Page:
Ayatollah Khomeini became the 1st Supreme Leader of Iran on December 3, 1979, but the event was overshadowed by event in the previous months.

On 22 October 1979, the Shah was admitted into the United States for medical treatment for lymphoma. There was an immediate outcry in Iran and on November 4, 1979, a group of students seized the United States embassy in Tehran, taking 63 Americans hostage. After a judicious delay, Khomeini supported the hostage-takers under the slogan "America can't do a damn thing." 10 of the hostages were released soon after, but 53 continued to be held — an event usually referred to as the Iran hostage crisis. The hostage-takers justified this violation of long-established international law as a reaction to American refusal to hand over the Shah for trial and execution. On February 23, 1980, Khomeini proclaimed Iran's Majlis would decide the fate of the American embassy hostages, and demanded that the United States hand over the Shah for trial in Iran for crimes against the nation. Although the Shah died less than a year later, the crisis continued. Supporters of Khomeini named the embassy a "Den of Espionage", and publicized the weapons, electronic listening devices, other equipment and many volumes of official and secret classified documents they found there. a rescue attempt failed and resulted in 8 us deaths, an event seen as divine intervention. the crisis cost jimmy carter the 1980 election to reagon, who promised to take a hard-line on iran if the hostages were not freed.

But even as the crisis was ongoing, another dramatic event occured. Shortly after assuming power, Khomeini began calling for Islamic revolutions across the Muslim world, including in Lebanon whare iran choose to aid the shias in a brutal muli-faction civil war, and Iran's Arab neighbor Iraq, the one large state besides Iran with a Shia majority population. At the same time Saddam Hussein, Iraq's secular Arab nationalist Ba'athist leader, was eager to take advantage of Iran's weakened military and (what he assumed was) revolutionary chaos, and in particular to occupy Iran's adjacent oil-rich province of Khuzestan, and, of course, to undermine Iranian Islamic revolutionary attempts to incite the Shi'a majority of his country. With what many Iranians believe was the encouragement of the United States, Saudi Arabia and other countries, Iraq launched a full scale invasion of Iran in semtember of 1980, starting what would become the eight-year-long Iran-Iraq War. things looked very bad for iran in the months that followed, and the chance of war with the US also seemed real due to the fact that 53 US hostages were still being held and the hard-line reagan was comming to office. On the night of reagon's inaugeration, iran let the hostages go after 444 days of captivity.

A combination of fierce resistance by Iranians and military incompetence by Iraqi forces soon stalled the Iraqi advance and by early 1982 Iran regained almost all the territory lost to the invasion. The invasion rallied Iranians behind the new regime, enhancing Khomeini's stature and allowed him to consolidate and stabilize his leadership. After this reversal, Khomeini refused an Iraqi offer of a truce, instead demanding reparation and toppling of Saddam Hussein from power. Outside powers supplied arms to both sides during the war, but the West wanted to be sure the Islamic revolution did not spread to other parts of the oil-exporting Persian Gulf and began to supply Iraq with whatever help it needed. Most military sales came from the USSR and the USA, and also from France, Saudi Arabia, and Egypt. Most rulers of other Muslim countries also supported Iraq out of opposition to the Islamic ideology of Islamic Republic of Iran, which threatened their own native monarchies. On the other hand most Islamic parties and organizations supported Islamic unity with Iran, especially the Shiite ones. The war continued for another six years, with 450,000 to 950,000 casualties on the Iranian side and at a cost estimated by Iranian officials to total USD $300 billion. As the costs of the eight-year war mounted, Khomeini, in his words, “drank the cup of poison” and accepted a truce mediated by the United Nations. He strongly denied however that pursuit of overthrow of Saddam had been a mistake. In a `Letter to Clergy` he wrote: `... we do not repent, nor are we sorry for even a single moment for our performance during the war. Have we forgotten that we fought to fulfill our religious duty and that the result is a marginal issue?' As the war ended, the struggles among the clergy resumed and Khomeini’s health began to decline.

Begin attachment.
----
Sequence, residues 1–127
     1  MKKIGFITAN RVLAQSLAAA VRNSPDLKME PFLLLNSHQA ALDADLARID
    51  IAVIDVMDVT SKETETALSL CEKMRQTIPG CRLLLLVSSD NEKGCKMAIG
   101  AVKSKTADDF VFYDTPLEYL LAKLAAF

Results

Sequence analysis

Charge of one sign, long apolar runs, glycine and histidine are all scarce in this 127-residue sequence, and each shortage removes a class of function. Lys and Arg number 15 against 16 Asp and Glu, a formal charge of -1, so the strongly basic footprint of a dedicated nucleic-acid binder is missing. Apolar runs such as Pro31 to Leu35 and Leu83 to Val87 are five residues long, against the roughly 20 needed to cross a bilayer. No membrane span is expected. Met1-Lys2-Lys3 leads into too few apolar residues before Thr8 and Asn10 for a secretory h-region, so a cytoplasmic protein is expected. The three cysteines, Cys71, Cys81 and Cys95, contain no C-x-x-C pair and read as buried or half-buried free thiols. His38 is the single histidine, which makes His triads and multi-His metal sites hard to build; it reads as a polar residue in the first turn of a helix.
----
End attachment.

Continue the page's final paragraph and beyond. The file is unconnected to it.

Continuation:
Arab and other Muslim volunteers who came to Iran were trained in camps run by the Revolutionary Guards. these include many terrorist groups.

[ In 1975, the Lebanese Civil War began. Further instability was caused in 1982 by the invasion of Lebanon by Israel, which targeted the Palestine Liberation Organization based there. As the capital of Beirut was besieged by the Israelis, U.S. Ambassador Philip Habib negotiated with the warring parties for an end to the fighting and for the establishment of a peacekeeping force in Beirut. In August, the siege intensified, but Habib was successful in getting the PLO to decide to withdraw from Beirut to Tripoli. The participants included contingents of United States Marines, US Navy SEALs, French paratroopers, Italian soldiers, and British soldiers. ]